Site Reliability Engineer: Accelerate the Diagnostic Stage of MTTR using CtrlStack’s RCA Dashboard

January 27, 2023

The role of Site Reliability Engineering (SRE) in any industry is to keep the organization focused on what matters most to customers: ensuring applications and services are available to customers whenever they need them. Specifically, SRE responsibilities can be boiled down to two main functions: Proactive monitoring and systems diagnostics. 

According to Catchpoint’s SRE Report, SREs define and track their success using service level indicators and metrics such as:

  • Number of incidents
  • Mean time to resolve (MTTR)
  • Mean time between failures (MTBF)
  • Frequency of deploys
  • Revenue

In the survey, the service level indicator SREs care about the most is end-user availability. If a service is down, nothing else matters. Given the focus on availability, monitoring and observability tools are an important part of the SRE toolchain for helping software reliability engineers monitor critical systems, collaborate on issues, and respond to incidents as they occur. 

Monitoring and Observability Tools

Monitoring and observability tools are important whether they are proprietary, open-source, built in-house, or (most likely) a combination of these. These tools often fall into one of these three categories:

  • Application Performance Monitoring (APM) is a suite of tools and processes designed to help operators ensure that enterprise applications and services meet the performance and reliability of customers and partners, with emphasis on the user experience. Technologies that improve the digital experience, such as synthetic monitoring and real user monitoring (RUM), fall within this category. APMs started as metrics-based systems and many have evolved over the years to provide logging and distributed tracing capabilities.
  • Log Aggregation helps developers and operators analyze and find errors across many sources of log files. Logs help explain why systems or applications fail.
  • Change Intelligence is a new category within the monitoring and observability toolchain. It is a collection of tools and visualizations designed to observe system and application changes (code and configuration changes) and metrics, and show when, where, and what needs to be fixed.

According to the Catchpoint SRE report, the top two uses of monitoring and observability data are alerting on issues and diagnosing systems.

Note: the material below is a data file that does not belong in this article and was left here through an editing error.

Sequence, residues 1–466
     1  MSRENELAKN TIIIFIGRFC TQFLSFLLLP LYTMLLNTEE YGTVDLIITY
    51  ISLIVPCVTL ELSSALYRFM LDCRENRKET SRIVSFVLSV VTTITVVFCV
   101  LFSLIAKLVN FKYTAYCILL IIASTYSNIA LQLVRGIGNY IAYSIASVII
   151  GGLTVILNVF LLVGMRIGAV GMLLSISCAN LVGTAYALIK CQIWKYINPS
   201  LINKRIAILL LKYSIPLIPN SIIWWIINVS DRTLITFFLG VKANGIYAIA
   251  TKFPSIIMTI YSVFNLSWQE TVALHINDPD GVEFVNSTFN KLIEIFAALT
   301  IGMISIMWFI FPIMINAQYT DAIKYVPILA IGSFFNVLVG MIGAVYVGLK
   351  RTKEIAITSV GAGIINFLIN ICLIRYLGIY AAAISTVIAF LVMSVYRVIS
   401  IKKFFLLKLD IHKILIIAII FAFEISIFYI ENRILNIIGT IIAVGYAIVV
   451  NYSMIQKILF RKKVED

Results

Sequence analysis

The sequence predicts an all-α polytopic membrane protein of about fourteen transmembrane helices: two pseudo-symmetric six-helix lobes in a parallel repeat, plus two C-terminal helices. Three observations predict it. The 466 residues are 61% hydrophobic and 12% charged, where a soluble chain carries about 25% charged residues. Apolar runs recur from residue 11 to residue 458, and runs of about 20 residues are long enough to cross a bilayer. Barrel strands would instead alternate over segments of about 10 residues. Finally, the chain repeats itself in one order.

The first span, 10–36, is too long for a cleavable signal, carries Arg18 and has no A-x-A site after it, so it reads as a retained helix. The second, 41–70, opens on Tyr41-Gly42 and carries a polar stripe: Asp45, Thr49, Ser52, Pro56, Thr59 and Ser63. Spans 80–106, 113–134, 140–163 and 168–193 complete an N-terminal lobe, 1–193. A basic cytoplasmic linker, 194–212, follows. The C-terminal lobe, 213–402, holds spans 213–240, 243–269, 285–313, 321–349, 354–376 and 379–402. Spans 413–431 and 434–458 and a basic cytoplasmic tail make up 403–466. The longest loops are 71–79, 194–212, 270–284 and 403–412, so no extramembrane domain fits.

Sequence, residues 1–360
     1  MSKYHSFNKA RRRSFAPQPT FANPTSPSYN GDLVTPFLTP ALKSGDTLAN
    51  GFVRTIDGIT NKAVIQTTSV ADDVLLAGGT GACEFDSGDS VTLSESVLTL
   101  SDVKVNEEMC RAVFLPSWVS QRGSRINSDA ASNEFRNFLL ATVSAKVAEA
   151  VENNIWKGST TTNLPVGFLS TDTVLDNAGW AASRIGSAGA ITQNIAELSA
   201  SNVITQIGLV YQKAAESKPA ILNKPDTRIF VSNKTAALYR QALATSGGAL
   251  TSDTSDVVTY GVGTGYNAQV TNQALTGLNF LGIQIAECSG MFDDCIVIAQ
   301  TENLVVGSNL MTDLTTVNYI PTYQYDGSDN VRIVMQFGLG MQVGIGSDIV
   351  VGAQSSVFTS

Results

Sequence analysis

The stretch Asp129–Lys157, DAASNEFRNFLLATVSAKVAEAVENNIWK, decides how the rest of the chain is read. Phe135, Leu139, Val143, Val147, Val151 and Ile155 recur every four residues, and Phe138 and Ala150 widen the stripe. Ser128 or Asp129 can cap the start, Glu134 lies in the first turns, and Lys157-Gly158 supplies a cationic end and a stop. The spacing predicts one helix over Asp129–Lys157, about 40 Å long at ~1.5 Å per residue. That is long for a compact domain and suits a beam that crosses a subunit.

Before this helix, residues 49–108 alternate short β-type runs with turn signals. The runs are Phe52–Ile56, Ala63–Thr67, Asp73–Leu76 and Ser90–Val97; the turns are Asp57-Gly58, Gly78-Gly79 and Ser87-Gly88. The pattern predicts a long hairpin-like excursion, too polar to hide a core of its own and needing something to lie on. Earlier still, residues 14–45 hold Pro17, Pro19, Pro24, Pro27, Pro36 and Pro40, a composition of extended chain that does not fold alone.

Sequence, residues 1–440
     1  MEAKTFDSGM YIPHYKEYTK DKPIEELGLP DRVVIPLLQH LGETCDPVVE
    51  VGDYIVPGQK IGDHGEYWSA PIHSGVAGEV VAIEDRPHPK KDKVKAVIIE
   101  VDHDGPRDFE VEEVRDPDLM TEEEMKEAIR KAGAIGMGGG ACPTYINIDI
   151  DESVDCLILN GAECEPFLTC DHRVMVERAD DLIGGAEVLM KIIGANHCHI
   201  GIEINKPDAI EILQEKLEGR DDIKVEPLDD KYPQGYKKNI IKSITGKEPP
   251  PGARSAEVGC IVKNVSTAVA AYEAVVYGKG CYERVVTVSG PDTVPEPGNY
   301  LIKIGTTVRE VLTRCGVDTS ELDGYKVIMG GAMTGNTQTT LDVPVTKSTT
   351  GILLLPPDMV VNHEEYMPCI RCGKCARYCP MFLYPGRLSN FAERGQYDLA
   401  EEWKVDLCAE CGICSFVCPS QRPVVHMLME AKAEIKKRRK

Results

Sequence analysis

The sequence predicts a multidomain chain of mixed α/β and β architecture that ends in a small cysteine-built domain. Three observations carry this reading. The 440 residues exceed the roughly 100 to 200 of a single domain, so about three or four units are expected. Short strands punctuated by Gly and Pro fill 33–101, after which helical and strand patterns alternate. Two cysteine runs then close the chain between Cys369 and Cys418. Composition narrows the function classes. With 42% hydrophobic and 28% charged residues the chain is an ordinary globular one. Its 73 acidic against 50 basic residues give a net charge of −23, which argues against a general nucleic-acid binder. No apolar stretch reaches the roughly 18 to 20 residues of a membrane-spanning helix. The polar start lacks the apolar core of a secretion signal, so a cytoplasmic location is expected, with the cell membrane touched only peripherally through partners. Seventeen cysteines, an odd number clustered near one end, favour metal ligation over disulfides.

It’s not simply about getting notified quickly; you also need relevant information to diagnose the issue in real time. The majority of time spent when resolving issues isn’t on detection, but on the identification of when, where, and what needs to be fixed. Data needs to be quickly served to determine if an issue is due to the code, the Kubernetes infrastructure, AWS changes, or third-party systems, or some combination of these.

Accelerating the Diagnostic Stage of MTTR

When diagnosing an alert, you need to be able to move from the metric symptoms to the underlying data which indicates the cause. Recent intended changes to your application or system might be the culprit. A best practice is to add change intelligence that informs you of any changes in production. These changes should be surfaced up in your dashboards so they’re easily accessible for troubleshooting production issues.

Here’s the screenshot of the CtrlStack RCA dashboard which helps SREs find where, when, and what caused a metric spike.


Even if your service didn’t change, any of its dependencies might have changed, so you should also monitor activities coming from direct dependencies. For example, if you’re running on AWS, you should use both EventBridge and CloudTrail records to extrapolate the metrics as well as user activities and API usage to know which changes impacted your service.

But it’s not enough to just observe changes in AWS. To be efficient in production troubleshooting, here are other sources of change events that are extremely useful for diagnostics:

  • Kubernetes events: Events are emitted in Kubernetes when state changes, which can be frequent in an actively developed environment.
  • Configuration files: Capturing file change events and presenting them in the context of the problem can significantly reduce the time required to identify the root cause.
  • Terraform files: Changes to terraform files trigger calls to AWS APIs, which then emit CloudTrail events.
  • CI/CD code deploys: CI/CD pipeline events can be traced back to Git commits and changes in the code.
  • SSM/terminal commands: Many systems running in non-container environments are managed via SSM and terminal access.

Because the SRE role is responsible for the reliability of systems and applications in production, it’s important to know where to look and how to find the information you need when on-call. I hope that by pointing out the change information we find useful and why, we can help you explore efficient ways to shorten the diagnostic stage of MTTR.

Check out our introduction to CtrlStack whitepaper to understand how it works, and see how change events and metrics are connected and displayed to help SRE teams diagnose issues faster, which in turn creates a smoother hand-off to other teams.

If you want to see a demo or discuss how we can help improve change visibility and your observability practice, join our beta program. It’s free.  




About Author
Mary Chen
Sr. Director, Product Marketing